The Song of Moses asks: “Who among the gods is like you, O LORD. Who is like you— majestic in holiness, awesome in glory, working wonders?” (Ex 15:11).  Job 37:22 describes the awesomeness of God: “Out of the north he comes in golden splendour; God comes in awesome majesty.” God is the high and lofty one who inhabits eternity: “For this is what the high and lofty One says—he who lives forever, whose name is holy: ‘I live in a high and holy place…’” (Isa 57:15).

At its inauguration “Moses could not enter the Tent of Meeting because the cloud had settled upon it, and the glory of the LORD filled the tabernacle.” (Ex 40:35). Similarly, when the temple was dedicated, it:  “was filled with a cloud, and the priests could not perform their service because of the cloud, for the glory of the LORD filled the temple of God.” (2 Chron 5:14). The awesome presence of God was so overpowering that no-one could enter the building.

3.   God is too pure to look on evil

Habakkuk says of God: “Your eyes are too pure to look on evil; you cannot tolerate wrong.” (Hab 1:13). Hence Isaiah warns: “But your iniquities have separated you from your God; your sins have hidden his face from you, so that he will not hear.” (Isa 59:2).


It is helpful to think of the biblical metaphor that God is pure light but sin, even small sin, is darkness. God cannot abide sin any more than light can tolerate darkness, even a tiny speck of darkness. He is utterly pure and infinitely bright spiritual light.

“God is light and in him is no darkness at all.” He “lives in unapproachable light,” he is “resplendent with light” and “wraps himself in light as with a garment.” Ezekiel had a vision of the Lord: “High above on the throne was the figure like that of a man. I saw from what appeared to be his waist up he looked like glowing metal, as if full of fire; and brilliant light surrounded him … This was the appearance of the likeness of the glory of the Lord” (1 Jn 1:5; 1Tim 6:16; Psa 76:4; 104:2; Ezk 1:25-28).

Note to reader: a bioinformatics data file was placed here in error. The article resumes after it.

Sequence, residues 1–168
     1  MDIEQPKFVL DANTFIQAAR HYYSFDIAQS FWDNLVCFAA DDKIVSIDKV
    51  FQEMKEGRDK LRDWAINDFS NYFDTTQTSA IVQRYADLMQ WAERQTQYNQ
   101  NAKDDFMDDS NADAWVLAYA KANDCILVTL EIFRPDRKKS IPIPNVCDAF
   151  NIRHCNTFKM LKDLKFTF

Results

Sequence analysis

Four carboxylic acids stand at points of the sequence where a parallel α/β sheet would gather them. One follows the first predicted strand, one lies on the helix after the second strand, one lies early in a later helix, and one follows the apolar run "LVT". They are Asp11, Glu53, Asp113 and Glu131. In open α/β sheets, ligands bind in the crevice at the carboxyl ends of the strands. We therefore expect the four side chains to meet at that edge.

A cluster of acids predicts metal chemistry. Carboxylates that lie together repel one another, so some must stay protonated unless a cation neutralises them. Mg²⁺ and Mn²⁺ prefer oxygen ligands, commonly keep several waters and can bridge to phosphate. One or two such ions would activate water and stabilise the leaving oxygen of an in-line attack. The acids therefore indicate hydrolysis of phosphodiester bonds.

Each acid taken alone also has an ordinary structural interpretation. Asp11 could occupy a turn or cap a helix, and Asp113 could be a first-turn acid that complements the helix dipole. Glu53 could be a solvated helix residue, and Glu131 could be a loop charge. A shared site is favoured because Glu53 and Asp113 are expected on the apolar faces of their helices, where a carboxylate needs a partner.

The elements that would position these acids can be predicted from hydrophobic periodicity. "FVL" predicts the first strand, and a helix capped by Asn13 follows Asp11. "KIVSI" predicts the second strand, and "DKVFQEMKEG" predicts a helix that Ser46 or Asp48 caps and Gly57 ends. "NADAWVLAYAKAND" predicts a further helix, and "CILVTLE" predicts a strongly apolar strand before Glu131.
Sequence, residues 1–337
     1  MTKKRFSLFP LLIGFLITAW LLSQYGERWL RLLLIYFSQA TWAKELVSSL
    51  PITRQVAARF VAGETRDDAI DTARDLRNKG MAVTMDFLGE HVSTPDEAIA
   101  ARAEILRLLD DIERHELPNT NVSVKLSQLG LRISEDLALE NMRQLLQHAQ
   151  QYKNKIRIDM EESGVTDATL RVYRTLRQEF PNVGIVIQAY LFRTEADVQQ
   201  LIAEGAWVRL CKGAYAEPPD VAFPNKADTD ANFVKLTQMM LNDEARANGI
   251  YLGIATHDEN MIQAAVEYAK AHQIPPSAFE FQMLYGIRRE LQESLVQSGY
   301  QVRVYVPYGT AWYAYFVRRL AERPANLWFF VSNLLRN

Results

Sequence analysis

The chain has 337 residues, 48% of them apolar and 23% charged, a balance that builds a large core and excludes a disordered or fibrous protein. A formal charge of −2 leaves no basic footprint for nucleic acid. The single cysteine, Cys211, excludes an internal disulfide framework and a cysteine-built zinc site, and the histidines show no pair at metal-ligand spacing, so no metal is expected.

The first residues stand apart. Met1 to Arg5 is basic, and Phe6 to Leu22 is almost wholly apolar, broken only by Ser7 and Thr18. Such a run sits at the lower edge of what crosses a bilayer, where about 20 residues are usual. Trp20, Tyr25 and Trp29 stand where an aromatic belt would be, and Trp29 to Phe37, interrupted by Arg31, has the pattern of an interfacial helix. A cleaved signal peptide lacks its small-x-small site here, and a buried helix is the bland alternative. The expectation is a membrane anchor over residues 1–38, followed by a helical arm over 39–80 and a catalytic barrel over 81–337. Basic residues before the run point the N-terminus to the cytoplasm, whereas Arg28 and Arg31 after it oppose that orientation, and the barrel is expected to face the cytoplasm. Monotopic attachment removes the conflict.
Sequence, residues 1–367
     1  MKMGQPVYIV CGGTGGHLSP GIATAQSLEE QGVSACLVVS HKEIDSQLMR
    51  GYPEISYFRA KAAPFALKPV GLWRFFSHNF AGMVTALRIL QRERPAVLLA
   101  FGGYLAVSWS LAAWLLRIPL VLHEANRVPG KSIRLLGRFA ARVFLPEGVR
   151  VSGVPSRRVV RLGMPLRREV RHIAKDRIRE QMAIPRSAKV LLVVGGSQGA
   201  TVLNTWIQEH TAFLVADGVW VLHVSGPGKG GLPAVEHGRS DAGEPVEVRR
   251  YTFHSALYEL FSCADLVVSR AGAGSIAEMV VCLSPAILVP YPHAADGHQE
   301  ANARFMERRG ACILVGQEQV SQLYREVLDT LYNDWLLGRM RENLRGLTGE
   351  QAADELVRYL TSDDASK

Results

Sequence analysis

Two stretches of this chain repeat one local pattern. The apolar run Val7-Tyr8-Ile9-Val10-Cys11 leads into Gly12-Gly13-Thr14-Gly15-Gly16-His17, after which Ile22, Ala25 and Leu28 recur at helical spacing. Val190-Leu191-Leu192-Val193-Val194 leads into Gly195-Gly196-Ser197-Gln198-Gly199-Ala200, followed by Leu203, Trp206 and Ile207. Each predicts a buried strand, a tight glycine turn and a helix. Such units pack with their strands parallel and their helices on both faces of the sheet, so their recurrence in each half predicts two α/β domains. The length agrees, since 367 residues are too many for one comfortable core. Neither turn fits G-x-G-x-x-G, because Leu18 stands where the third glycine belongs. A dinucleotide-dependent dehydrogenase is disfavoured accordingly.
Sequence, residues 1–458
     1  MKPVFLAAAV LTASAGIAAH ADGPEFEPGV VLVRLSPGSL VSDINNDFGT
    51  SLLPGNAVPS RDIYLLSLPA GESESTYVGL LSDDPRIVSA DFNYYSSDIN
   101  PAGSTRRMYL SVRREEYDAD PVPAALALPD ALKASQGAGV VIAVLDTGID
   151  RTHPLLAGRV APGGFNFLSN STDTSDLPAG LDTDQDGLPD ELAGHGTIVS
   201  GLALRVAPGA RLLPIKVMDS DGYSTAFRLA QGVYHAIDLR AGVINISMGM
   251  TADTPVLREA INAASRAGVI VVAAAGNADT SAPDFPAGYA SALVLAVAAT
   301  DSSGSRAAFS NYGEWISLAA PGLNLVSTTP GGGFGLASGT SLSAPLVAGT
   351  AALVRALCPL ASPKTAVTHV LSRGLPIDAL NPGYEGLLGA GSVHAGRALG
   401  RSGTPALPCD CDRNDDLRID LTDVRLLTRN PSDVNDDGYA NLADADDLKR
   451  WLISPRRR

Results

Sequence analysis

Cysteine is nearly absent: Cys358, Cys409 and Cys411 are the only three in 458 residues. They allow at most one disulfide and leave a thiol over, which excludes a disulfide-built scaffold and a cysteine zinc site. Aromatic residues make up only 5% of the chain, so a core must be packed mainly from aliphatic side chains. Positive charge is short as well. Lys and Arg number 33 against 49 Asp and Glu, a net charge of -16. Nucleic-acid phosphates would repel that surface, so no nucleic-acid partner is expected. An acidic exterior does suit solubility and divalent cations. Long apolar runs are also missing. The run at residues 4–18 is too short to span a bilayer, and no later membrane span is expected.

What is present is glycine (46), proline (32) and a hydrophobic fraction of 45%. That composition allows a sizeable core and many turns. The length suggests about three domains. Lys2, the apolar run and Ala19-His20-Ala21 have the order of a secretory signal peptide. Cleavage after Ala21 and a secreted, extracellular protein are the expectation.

Think of this unapproachable, resplendent light, dazzling like the sun shining in full strength. Then contrast it with the sins, including ‘small’ sins, in our own lives. The two are totally incompatible. The darkness, even a tiny speck of darkness, in our lives will be driven out by the light of the glory and holiness of God.


Lord, you are utterly and perfectly holy. You are pure light with no shade. Your light drives away all darkness, even the slightest speck. You are absolutely pure. Your purity cleanses away even the slightest impurity. You are utterly set apart from all imperfection. You are absolutely Other. Your wrath is a totally pure reaction of your holiness. If I, as an imperfect, sinful human, were to see you in all your holiness I would be struck dead. I deserve to be eternally excluded from your holy presence.

But thank you for your infinite love. In the cross, at infinite cost, you showed both your infinite love and your utter purity. You laid the foundation to enable humans who trust in you to share eternity in your manifest presence. You showed me just what it cost to be so loving so I would respond by seeking to love you, my Lord and my God, with all my heart, soul, mind and strength. Help me to remember that any failing of mine grieves and offends you, so I must not tolerate it. Show me anything in my life which dishonours you and help me to repent of it.